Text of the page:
The Marlene Meyerson JCC on Manhattan’s Upper West Side received several million dollars in pandemic aid, said Rabbi Joy Levitt, its executive director. She had to furlough 375 of the JCC’s part-time employees, in addition to some of its full-time staff, she told JI. Full-time employees who were not furloughed had their salaries temporarily cut by 10-15%. Levitt herself did not draw a salary in April.

While the federal loan has helped it through the pandemic, the money received “covers payroll, but it doesn’t cover your lost revenue,” she said.

Before March, 3,500 people came to the Meyerson JCC each day to meditate, work out, bring children to pre-school or attend events. New York City is cautiously allowing some businesses to open starting June 8th, but Levitt said she doesn’t yet know if the JCC’s summer camps will be able to operate, or in what form. “The loss of camp would be very significant,” she said.

“I just don’t know,” she said of the overall financial impact. “It’s going to take some time to recover and we’re going to be in a challenging economic state for at least a year and probably two.”

Three-quarters of the Meyerson JCC’s 2020 annual budget of $35 million is earned income. “The rest is philanthropy,” Levitt said. “The whole key here is how we pay the bills. Without our normal revenue drivers, what we’re doing will for the most part be philanthropically supported until we get back.”

At the Margate JCC in NJ, once the federal pandemic aid ran out in mid-May, “we laid off 110 people. Almost the entire staff. We kept nine people working,” said Fox, who is scheduled to retire on July 31. Margate, which is next to Atlantic City, is a popular summer destination for New Yorkers and Philadelphians. The JCC, which typically has 4,000 people come through its doors in the summer months, also runs an expansive meal program for senior citizens, has a preschool and fitness center and runs a large summer camp. Fox is waiting to learn if New Jersey authorities will allow the camp to run in any form.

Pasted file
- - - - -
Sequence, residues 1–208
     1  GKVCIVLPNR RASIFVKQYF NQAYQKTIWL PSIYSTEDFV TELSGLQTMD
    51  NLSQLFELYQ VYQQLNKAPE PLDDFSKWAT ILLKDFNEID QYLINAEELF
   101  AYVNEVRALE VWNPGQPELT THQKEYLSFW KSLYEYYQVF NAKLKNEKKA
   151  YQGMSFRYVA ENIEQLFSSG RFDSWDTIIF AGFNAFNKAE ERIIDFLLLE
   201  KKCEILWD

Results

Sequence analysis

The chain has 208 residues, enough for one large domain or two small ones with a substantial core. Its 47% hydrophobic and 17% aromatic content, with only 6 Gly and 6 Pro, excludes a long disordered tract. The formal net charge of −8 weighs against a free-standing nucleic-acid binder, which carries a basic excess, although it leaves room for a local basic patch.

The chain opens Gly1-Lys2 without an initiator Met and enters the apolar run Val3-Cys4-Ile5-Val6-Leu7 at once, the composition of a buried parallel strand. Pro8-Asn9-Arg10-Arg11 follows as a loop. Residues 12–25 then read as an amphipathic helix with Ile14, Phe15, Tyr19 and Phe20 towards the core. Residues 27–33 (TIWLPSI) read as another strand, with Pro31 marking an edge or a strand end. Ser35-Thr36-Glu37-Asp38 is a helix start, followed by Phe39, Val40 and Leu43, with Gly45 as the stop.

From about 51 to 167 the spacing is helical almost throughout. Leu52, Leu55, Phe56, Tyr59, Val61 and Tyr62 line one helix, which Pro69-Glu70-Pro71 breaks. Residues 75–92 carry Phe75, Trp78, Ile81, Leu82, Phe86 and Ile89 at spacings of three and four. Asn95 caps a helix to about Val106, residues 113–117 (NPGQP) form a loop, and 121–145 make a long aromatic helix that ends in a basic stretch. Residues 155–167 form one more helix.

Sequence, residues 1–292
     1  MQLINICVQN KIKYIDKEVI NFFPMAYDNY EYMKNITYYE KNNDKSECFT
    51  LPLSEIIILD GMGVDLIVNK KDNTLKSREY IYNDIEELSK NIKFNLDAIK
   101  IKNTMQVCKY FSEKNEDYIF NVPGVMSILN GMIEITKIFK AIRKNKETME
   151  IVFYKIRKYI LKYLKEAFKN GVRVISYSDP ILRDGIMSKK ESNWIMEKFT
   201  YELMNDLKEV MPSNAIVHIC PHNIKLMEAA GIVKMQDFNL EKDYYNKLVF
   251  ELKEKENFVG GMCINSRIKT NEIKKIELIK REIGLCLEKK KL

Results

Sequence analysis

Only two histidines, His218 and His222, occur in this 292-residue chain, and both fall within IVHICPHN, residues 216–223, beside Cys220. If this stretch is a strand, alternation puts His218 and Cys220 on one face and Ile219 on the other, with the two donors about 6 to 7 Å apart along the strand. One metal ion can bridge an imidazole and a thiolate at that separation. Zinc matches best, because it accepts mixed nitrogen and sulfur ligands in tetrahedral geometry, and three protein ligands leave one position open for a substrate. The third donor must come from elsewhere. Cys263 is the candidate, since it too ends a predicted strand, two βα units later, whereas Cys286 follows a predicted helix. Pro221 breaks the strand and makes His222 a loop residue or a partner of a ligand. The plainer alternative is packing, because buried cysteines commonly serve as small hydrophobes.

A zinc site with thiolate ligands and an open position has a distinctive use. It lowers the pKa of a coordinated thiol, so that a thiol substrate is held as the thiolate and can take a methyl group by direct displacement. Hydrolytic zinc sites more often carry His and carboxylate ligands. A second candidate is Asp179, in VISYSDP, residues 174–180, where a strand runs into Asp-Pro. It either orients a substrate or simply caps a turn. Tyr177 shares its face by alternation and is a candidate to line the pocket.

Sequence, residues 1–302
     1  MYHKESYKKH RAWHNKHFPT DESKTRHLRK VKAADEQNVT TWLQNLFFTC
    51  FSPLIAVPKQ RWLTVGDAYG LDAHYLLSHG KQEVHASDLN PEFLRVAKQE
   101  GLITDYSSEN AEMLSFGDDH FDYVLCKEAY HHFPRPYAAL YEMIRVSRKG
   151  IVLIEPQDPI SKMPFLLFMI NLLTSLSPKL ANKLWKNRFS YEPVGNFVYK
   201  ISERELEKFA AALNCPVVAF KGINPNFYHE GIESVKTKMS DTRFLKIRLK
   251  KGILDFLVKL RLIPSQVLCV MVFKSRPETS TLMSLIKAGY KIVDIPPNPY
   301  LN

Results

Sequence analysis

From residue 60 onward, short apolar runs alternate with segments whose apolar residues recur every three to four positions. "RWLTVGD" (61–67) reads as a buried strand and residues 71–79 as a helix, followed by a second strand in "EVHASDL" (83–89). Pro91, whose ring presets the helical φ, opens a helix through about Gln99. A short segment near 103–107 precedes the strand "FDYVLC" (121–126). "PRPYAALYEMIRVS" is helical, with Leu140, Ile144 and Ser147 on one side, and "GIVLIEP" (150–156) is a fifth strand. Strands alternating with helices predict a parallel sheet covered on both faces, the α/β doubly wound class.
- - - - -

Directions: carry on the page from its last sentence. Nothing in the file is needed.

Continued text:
Jack Fox

Audibly distressed, Fox said, “We spent a very long time building a successful financially stable institution that plays a major role in the community.”

Now, with small businesses in the area around the JCC going out of business and summer vacationing in question, Fox is uncertain about the institution’s long-term viability.

The Margate JCC’s biggest revenue-generating events — its sold-out summer arts performance series — have been cancelled. The four performances, spread across the summer, attract 2,000 patrons and gross $800,000. This year, Fox said, the JCC had to refund tickets already sold. The JCC also organizes the Atlantic City Marathon Race series, which typically brings in $600,000 and includes an April Fool’s run, a summer beach run and a marathon. Together the events represent a significant portion of the Margate JCC’s $6.3 million annual budget.

Instead of the in-person race in April, the JCC held a virtual event, sending the 600 paid participants — about one third the usual number — t-shirts and bibs. The marathon itself usually has 3,000 participants, “and we can’t put all those people on the boardwalk. The April Fool’s run was a novelty, but how many virtual marathons will people want to do?” said Fox.

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A few JCCs have been able to run major online events. The Manhattan JCC’s annual Shavuot program, when attendees stay up into the night to learn Torah, has long been a popular event. Last year, 3,200 people attended. This year — with online offerings featuring the creators of the Israeli music-for-the-masses organization Koolulam, and Torah study with leading rabbis from early evening through the night — 8,000 people from all over the world participated, Levitt said.